Final Project Deliverables

Summary

  1. Choosing and preparing a project proposal
  2. Pursuing the project (either alone or with a teammate)
  3. Preparing for the “Robotics Fair” on the final day (see below)
  4. Writing a Project Report and adding it to the Lab Notebook (see below)
  5. Demoing your project and poster on the final day, December 18 at 10:00am (see below.)

FInal Deliverables

  • All deliverables: Due December 16 11:55pm (see below)
  • Robotics Fair: December 18 at 10:00am in the lab (see below)
What to submit to Latte (as a team)
  • The pdf of your poster. Color PDF 27x36 inches landscape
  • Link to your final report as it appears in the Lab Notebook
  • Link to the code you wrote in a clean github repo, including a Readme
  • Each teammate separately (and not in the lab notebook), is asked to provide a reflection, including specifically what their contribution was to the project was
Grading
  • The project as a whole is graded. All aspects of the work and deliverables are considered.
  • In the case of team, we grade the work of the team as a whole
  • Each team member however will be assigned a grade reflecting their level of participation and contribution to the group work.
  • In other words, you might not get the full project grade if you didn’t participate fully in the project.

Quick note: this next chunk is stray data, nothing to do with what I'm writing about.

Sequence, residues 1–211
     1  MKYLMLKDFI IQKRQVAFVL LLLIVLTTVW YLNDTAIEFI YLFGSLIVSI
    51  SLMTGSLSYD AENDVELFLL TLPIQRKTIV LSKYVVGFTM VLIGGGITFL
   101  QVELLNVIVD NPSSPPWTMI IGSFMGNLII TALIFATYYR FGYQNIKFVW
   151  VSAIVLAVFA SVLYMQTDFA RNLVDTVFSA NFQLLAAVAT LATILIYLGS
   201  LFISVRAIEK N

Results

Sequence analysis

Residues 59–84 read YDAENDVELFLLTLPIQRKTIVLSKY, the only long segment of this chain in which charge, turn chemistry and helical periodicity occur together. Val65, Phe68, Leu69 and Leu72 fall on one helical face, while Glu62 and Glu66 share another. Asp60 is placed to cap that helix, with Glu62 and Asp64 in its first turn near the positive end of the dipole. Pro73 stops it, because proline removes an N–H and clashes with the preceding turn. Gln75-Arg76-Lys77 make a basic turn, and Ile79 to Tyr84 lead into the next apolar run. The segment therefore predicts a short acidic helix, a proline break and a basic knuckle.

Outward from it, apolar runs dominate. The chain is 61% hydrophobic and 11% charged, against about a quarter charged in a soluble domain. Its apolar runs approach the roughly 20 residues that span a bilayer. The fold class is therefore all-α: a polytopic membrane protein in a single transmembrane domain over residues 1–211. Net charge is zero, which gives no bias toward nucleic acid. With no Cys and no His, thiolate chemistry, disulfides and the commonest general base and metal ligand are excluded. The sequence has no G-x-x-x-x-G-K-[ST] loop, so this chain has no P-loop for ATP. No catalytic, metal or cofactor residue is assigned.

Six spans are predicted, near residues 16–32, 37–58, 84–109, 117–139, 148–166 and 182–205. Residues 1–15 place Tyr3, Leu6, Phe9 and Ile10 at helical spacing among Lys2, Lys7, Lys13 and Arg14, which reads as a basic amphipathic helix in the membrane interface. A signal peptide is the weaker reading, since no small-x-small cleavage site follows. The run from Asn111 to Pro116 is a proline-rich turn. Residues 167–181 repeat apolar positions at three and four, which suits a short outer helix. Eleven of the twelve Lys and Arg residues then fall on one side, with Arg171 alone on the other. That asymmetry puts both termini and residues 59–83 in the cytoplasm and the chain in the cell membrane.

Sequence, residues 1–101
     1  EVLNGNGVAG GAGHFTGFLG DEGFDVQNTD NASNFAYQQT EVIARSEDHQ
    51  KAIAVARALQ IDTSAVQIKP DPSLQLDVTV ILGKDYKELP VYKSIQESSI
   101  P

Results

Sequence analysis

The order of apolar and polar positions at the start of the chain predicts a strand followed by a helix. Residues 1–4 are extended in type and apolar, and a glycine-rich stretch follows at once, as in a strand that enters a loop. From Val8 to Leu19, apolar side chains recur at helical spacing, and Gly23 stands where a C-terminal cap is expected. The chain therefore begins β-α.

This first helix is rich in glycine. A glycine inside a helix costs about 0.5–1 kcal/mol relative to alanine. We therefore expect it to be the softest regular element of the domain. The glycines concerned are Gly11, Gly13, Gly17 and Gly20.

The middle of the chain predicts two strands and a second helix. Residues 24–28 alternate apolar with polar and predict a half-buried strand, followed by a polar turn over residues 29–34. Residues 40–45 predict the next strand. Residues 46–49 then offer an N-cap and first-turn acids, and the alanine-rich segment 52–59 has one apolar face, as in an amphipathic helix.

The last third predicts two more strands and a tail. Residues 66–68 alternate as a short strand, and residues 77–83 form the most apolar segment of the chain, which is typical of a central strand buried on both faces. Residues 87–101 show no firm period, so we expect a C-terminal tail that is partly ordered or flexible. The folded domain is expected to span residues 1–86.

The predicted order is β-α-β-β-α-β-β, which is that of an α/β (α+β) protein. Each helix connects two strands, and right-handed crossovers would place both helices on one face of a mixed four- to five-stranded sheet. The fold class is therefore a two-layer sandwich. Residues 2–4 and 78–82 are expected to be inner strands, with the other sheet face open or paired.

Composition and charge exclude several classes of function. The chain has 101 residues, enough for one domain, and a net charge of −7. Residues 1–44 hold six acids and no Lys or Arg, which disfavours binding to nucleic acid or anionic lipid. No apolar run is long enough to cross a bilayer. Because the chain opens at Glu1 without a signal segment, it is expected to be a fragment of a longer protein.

• This grade will count for 45% of your final grade.

Final Project report

  • Report should be around 5, max 10 pages.
  • We pay attention to appearance, quality of writing, “fit and finish”.
  • This is a piece of professional writing, a project report, and not like a scholarly paper.
  • You will add it to the appropriate section of the Lab Notebook.
  • Here are instructions on how to do that: Lab Notebook Final Reports Section
General outline of report
  1. Introduction
    1. Problem statement, includeing original objectives
    2. Relevant literature
  2. What was created (biggest section)
    1. Technical descriptions, illustrations
    2. Discussion of interesting algorithms, modules, techniques
    3. Guide on how to use the code written
    4. Clear description and tables of source files, nodes, messages, actions and so on
  3. Story of the project.
    1. How it unfolded, how the team worked together
    2. problems that were solved, pivots that had to be taken
    3. Your own assessment

Robotics Fair

  • You (and your teammate) prepare to demonstrate your work in the best possible light
  • You also prepare a “poster” explaining your project
  • The teaching staff plus at least one outside robotics expert will visit and hear your presentation and ask you questions
Presenting and Explaining Your Project
  • Show case what you’ve learned and what you built in the best possible light
  • Come up with a cool and interesting demo
  • Make sure that you reserve the robot you need for your demo
  • If you want to share a demo with another team that’s fine
  • But the assessment will be individual
Posters
  • Make a classic “Poster” describing your project
  • Format: pdf size: 27x36 inches (landscape)
  • See, e.g. Poster Basics, Duke guide, google
  • Audience is someone familiar with robotics
  • Explain your objective and your project
  • Team members, dates
  • Make it look pretty! Don’t have too many words. Have some diagrams or pictures